Closure of Hartlepool’s youth court not having negative impact on cases – but costs are over budget

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YOUTH offending officials for Hartlepool say the closure of the town’s youth court has not had a negative impact on local cases.

Hartlepool Youth Court closed last April after several decades, with young offenders now dealt with in Middlesbrough.

If it goes on to conviction and that remand time is taken into account, we should be getting something back from the justice system.

Councillor Ray Martin-Wells, chairman of the audit and governance committee

The national court service said the closure was to make best use of resources.

Hartlepool councillors wrote to the Government with their concerns after the move was announced.

Mark Smith, head of youth support services at Hartlepool Borough Council, was asked at a meeting of the audit and governance committee what impact the move has had on Hartlepool.

Mr Smith said: “We haven’t seen an increase in non-attendance of people from Hartlepool which was the worry.

“At times we are having to support young people, their families and victims to get to court but I would much rather see them at court than be in breach of their bail arrangements.

“A number of Hartlepool magistrates have continued to provide their service and make the journey across to Middlesbrough, which I think has helped to soften the blow.”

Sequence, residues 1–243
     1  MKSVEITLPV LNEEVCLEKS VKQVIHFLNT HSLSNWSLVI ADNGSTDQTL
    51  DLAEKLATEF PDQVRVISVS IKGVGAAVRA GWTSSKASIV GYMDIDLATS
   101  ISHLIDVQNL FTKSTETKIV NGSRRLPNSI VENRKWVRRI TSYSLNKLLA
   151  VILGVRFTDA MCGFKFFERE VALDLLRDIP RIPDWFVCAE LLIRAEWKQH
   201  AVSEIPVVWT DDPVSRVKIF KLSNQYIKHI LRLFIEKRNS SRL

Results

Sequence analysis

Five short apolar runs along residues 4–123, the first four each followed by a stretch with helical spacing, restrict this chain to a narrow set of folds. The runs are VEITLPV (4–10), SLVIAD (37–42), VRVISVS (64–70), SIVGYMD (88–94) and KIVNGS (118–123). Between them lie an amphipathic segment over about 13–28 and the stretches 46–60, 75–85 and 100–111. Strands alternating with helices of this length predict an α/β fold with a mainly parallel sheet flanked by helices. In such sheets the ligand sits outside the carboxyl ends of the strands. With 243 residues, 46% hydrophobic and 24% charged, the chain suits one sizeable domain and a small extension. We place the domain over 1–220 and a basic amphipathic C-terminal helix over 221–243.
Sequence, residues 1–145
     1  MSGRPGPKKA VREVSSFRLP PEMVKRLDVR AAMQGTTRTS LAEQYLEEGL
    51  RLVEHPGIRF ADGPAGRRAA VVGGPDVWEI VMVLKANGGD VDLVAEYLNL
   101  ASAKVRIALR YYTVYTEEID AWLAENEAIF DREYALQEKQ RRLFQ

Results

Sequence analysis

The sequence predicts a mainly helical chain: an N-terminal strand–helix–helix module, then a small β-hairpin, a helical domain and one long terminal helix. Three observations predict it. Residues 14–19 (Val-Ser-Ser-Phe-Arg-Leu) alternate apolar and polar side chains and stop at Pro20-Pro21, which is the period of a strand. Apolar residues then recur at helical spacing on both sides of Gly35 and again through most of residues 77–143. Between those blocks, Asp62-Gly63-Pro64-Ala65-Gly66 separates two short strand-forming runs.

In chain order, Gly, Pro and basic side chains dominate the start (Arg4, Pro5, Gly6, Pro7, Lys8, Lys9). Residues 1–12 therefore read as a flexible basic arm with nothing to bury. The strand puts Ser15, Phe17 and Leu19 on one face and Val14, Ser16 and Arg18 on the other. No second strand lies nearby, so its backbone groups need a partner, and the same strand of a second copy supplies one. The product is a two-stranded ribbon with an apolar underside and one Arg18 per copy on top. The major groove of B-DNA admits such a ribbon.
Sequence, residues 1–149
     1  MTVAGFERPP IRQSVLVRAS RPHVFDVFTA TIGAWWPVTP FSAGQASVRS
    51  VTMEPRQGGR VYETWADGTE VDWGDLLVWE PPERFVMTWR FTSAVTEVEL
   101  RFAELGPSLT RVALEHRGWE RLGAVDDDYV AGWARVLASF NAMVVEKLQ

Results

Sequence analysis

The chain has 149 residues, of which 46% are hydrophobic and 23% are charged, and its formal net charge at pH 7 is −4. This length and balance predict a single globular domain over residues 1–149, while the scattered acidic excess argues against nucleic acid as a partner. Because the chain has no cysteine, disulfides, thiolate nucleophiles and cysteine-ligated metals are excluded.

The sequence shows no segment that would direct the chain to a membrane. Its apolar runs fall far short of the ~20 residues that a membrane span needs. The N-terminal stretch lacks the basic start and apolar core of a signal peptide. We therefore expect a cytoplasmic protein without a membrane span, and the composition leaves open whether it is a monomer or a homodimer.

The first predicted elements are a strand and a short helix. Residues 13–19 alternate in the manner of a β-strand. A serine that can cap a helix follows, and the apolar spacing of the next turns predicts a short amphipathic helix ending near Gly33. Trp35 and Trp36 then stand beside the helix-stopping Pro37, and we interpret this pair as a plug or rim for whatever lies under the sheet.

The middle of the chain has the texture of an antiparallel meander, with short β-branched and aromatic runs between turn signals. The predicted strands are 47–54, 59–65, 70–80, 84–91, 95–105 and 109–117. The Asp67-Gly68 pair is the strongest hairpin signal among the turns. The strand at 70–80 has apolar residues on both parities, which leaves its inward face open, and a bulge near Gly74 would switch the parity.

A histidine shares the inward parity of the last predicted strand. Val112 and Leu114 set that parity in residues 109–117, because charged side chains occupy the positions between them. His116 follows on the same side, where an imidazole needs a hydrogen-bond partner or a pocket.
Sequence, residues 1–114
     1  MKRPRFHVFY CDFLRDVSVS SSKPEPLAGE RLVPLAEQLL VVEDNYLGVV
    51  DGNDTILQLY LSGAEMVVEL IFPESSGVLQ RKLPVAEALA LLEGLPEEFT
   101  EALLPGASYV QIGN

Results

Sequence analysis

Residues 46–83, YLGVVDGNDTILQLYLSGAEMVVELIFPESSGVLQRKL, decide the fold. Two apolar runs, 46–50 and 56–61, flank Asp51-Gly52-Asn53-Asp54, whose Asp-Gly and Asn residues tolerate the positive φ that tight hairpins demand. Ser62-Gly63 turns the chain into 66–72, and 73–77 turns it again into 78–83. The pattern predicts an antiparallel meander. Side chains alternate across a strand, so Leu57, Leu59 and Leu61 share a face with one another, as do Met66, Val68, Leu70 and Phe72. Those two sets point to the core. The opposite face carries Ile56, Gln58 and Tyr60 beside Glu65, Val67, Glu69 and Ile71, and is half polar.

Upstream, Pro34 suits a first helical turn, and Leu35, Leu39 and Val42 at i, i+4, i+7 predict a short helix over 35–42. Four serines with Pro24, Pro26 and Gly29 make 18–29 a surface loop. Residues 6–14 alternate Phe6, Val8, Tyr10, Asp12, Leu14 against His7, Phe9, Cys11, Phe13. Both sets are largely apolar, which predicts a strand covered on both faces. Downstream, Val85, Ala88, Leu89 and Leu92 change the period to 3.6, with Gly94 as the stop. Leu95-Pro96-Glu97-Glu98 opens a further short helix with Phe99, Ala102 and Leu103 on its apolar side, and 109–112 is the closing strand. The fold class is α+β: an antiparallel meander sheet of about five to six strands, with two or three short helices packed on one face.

Fewer first time young offenders entered the youth justice system in the last 12 months, from 50 in 2013-14 to 30 for 2014-2015, as previously reported in the Mail.

But Hartlepool Youth Offending Service, which is part of the council, spent more than budgeted for on youths being remanded in custody.

The local authority footed the bill of £77,000 for 115 remand days in 2013-14, that was an estimated £27,000 over budget.

Mr Smith said: “We do everything we possibly can to avoid unnecessary remands.

“A huge amount of effort goes into securing safe alternative accommodation.”

Councillor Ray Martin-Wells, chairman of the audit and governance committee, believed the council should be reimbursed if the youth is convicted.

He said: “As a local authority we are footing the bill for remand time.

“If it goes on to conviction and that remand time is taken into account, we should be getting something back from the justice system.”

Councillors praised the youth offending service’s Community Payback scheme, which sees offenders carry out work in communities affected by their crime.

Coun Paul Beck cited tidy up work around Hartfields Retirement Village, and Coun Jim Ainslie said it had been a success on the Headland.

“It is an excellent scheme, well done,” said Coun Ainslie.